Monday, April 3, 2017

Myanmar: Ahmadiyyas Organize First Religious Founders’ Day in Yangon


“We are honoured to have this opportunity to being people of different faiths together to promote peace and solidarity. We hope the members of the audience can help spread messages of peace and solidarity to their communities”

Times of Ahmad | News Watch | US Desk
Source/Credit: Myanmar Times
By Tin Yadanar Tun | April 3, 2017

Myanmar celebrated its first Religious Founders’ Day on April 2, with the event organiser Ahmadiyya Muslim Community-Myanmar hoping to promote mutual love and understanding among peoples of different faith.

U Zeyar Moe, the spokesperson for the organisation, said they hoped the event would “present to all the essence and dignities of the founders of the different religions, and show their true teachings”.

“We hope this can help build peace, harmony, love and mutual respect around the world, and to promote greater understanding in comparative religious studies,” he said at the event at the Myanmar Medical Association’s Hall in Yangon.

The Ahmadiyya Muslim Community had organised the event in over 200 countries, and only this year the event was held for the first time in Myanmar.

The event saw scholars from the major religions – Buddhism, Hinduism, Christianity and Baha’i – discussing their respective religions and teachings for three hours before an audience of some 650.

U Zeyar Moe said all religion founders preached peace and kindness, and people regardless of their faiths should respect each other and stand united for the betterment of their countries and wellbeing of all communities.

“We are honoured to have this opportunity to being people of different faiths together to promote peace and solidarity.

“We hope the members of the audience can help spread messages of peace and solidarity to their communities,” U Zeyar Moe said.

National League for Democracy (NLD) patron Thura U Tin Oo, who also addressed the audience at the event, spoke about peace and Islam.

He said as taught in Buddhism, anyone could be won over with only ‘Myitta’, without anger.

“The Holy Quran says mosques are homes of peace. They are where the true teachings of Prophet Muhammad are taught. A real Muslim is honest and will serve his neighbours well.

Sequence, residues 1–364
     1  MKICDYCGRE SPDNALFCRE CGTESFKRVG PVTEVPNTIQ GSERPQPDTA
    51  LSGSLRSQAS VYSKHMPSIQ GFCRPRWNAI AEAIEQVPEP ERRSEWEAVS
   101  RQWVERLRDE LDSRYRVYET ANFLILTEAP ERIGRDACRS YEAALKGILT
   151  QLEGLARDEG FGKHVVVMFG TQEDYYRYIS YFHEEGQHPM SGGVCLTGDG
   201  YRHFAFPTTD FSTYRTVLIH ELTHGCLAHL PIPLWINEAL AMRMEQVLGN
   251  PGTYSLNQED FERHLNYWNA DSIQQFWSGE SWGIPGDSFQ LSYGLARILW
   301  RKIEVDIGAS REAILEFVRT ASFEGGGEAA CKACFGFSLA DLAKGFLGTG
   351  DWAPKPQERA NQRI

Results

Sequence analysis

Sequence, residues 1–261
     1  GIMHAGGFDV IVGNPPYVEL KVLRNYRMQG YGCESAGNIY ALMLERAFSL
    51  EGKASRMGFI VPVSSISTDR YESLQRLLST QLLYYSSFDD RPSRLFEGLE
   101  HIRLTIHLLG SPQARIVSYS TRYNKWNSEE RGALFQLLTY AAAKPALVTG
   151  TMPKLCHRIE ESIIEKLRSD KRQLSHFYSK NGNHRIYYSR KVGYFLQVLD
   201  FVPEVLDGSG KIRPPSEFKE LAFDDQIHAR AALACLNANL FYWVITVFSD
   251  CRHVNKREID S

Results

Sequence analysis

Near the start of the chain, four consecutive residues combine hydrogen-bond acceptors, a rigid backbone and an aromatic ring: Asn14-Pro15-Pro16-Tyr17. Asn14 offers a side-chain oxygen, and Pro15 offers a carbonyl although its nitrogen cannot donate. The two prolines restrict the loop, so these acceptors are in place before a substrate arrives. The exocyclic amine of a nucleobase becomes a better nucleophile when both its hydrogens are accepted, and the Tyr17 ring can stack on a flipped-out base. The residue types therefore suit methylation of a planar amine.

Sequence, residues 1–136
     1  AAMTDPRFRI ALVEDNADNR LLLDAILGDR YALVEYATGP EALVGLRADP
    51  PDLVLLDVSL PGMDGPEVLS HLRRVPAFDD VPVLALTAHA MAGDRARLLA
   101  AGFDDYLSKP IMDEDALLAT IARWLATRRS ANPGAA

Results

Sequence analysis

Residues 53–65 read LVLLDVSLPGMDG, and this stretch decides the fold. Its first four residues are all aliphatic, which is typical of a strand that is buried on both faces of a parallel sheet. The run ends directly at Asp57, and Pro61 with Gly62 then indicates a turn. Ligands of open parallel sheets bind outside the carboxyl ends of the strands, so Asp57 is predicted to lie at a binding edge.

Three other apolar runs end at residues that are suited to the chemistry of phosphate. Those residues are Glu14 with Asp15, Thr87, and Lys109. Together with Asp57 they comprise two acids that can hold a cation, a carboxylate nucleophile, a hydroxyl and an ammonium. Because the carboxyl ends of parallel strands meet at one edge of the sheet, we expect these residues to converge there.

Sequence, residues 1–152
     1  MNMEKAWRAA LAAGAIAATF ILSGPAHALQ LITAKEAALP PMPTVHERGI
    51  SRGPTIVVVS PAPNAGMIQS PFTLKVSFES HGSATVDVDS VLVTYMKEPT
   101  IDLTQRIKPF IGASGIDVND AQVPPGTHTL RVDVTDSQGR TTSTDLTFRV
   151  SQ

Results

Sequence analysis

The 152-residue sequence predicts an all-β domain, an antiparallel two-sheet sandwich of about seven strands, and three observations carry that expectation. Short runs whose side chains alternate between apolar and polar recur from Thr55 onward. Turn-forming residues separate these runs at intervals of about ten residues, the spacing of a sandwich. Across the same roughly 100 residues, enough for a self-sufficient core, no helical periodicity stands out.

“We need to discuss more about the different faiths and their founders, as all religions preach love. We need to hold more events like this,” he said.

Hindu scholar Sayardaw Ashin Yama Sandradas said mutual respect among the different faiths was important for peace and solidarity, while Buddhist scholar Ashin Thumana said people should treat each other well, even if they had different religions.

“We should be hospitable to everyone, even if they have a different belief.

“Historically, all Burmese kings have given their people freedom of religion, none were forced to profess any religion against their will. They were also allowed to convert,” he said during the talks.

Dr Moris Nyunt Wai said people who could not find peace within themselves would not find peace in the world, citing Buddhist teachings.

Stressing that people would attain peace if they rid their anger, he said even Jesus Christ had said one should love one’s enemy and pray for the sadist.

“The Prophet Muhammad also said keeping peace with another is better than praying and fasting.

“The wisdoms of the founders of religion are like beacons. If we do as our religions teach us, the world can have peace.
“We just need to talk more about love, than war,” he said

Baha’i scholar U Shwe Thee reminded the audience that every religion in the world preached peace.

Central Interfaith Friendship Committee secretary-general and YMCA chairman Dr U Thar Nyan, said Myanmar needed interfaith events nationwide to help ease conflicts.

Hindu Women Association chair Daw Kathaleen Thein said every township needed to have interfaith events that could educate the people on peace, unity and understanding among the different religions.

“We need these events so all the hate speeches can fade away, and the people can build harmony within our diverse societies around the country,” she said.

She added that interfaith events should also include minority religions and atheists to be more inclusive.


Read original post here: Myanmar: Religious Founders’ Day observed for the first time in Yangon


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